For the slitting-knives it is my preference to use a series of sharp-edged rotary cutters co-acting with an opposing agent and, further, 1t 1s my preference that cutter, each out being therefore done by a the opposmg agent be another sharp-edged circular pair of co-acting circular cutters as is usual in slitters.

In the drawings, and giving attention forwide fabric which is to be slitted into nar- 1 row strips: 2, one of the strips to be produced by the slitting: and 3, a contiguous produced by the slitting.

The strips 2 and 3 have sinusoidal edges and their contour is such as to adapt them for sole-lining for shoes, the strips being later cut into proper lengths. The strip 2 has the toe-portions of its sections pointing to the left, while the strip 3 has the toe-portions pointing to the ri ht, and, correspondingly, with all of the strips cut from the wide fabric, the illustrated contours being such that there is no waste of material eX- cept at the extreme edges of the wide fabric.

Proceeding with the drawings and giving attention particularly to Fig. -4, indicates general frame-parts of the machine: 5, shaft for the supply-roll of-fabricz 6, supply-roll of wide fabric mounted on this shaft, it being assumed that in the case of compound fabric for sole-lining the coated side of the fabric is on the inner surface of the material on the' roll: 7, winding-shaft on which is to be wound those strips coming to it with toe-portions first: 8, the rolls of toefirst strips wound on this shaft: 9, winding shaft on which is to be wound the-heel-first strips: 10. sliding carriages carrying the bearings for winding-shafts 7 and 9: 11, surface winder-rolls, one for each of the mentioned winding shafts, these winder-' rolls being driven by power and being adapted to make contact with the winding-shafts or with the rolls upon those shafts, the windingshafts moving outwardly away from the winder-rolls as the rolls increase in diameter: 12., weights connected with the carriages of rolls 7 and 9 and adapted to urge those rolls toward their winder-rolls so that the winder-rolls will, by frictional engagement with the winding-strips cause the winding-rolls to turn and the winding to progress: 14, a guide-roll above the 1011 of fabric 6: 15,a feed-roll disposed between the supply-roll and the winding-rolls: 16, a spring-pressed feed-roll coiip'erating" with feed-roll 15, these two feed-rolls being powerroll 17"being above and roll 18 being below the widefabric before it reaches the slitters, while roll 19 is below and roll 20 is abovethe slit-ted fabric shortly after leaving the slitters, the inner rolls, 18 and 19 not being rotary or. rolls in fact but being stationary surfaces over which the fabric may be. drawn on its way'past the slitters: 21, the fabric in its course from .the supply-roll past the tension-rolls and s'litters and th'roughthe feed rolls'and, as concerns the toe-first strips, to the rolls '8: and 22, the heel-first strips on their way from the feed-rolls to the rolls on wind-ing-shaft 9. Y 1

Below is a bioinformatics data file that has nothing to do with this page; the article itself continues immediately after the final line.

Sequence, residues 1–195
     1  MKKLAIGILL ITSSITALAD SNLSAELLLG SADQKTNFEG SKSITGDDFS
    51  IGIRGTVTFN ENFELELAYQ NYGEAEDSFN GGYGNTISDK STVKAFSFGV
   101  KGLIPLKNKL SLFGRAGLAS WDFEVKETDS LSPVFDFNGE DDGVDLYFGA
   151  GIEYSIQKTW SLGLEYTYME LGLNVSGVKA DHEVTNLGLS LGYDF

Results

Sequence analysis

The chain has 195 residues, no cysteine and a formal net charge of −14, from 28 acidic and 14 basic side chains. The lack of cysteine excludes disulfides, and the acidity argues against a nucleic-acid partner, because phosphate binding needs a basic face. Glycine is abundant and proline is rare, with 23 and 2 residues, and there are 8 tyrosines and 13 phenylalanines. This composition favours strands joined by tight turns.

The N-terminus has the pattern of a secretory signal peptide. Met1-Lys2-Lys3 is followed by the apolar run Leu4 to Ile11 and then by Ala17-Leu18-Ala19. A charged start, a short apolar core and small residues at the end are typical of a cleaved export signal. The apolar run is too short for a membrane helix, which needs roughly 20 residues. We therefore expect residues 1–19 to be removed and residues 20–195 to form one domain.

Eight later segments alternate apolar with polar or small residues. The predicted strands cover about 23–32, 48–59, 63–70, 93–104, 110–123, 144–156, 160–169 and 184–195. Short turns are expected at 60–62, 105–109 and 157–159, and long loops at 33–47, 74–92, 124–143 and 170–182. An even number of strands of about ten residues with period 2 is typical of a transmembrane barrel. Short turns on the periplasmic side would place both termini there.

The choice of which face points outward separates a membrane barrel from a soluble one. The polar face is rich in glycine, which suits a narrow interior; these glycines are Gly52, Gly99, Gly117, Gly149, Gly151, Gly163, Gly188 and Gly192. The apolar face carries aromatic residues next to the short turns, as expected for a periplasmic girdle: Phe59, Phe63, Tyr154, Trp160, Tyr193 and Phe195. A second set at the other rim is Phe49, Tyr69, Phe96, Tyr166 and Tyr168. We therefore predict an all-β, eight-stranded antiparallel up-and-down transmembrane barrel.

Understanding that the slitters themselves, which will he later described, operate between the rolls 18 and 19, and understanding that, for sinusoidal slitting, these slitters are constantly shifting sidewise of the fabric,

the ingde of operation of the parts thus far referred to will be described.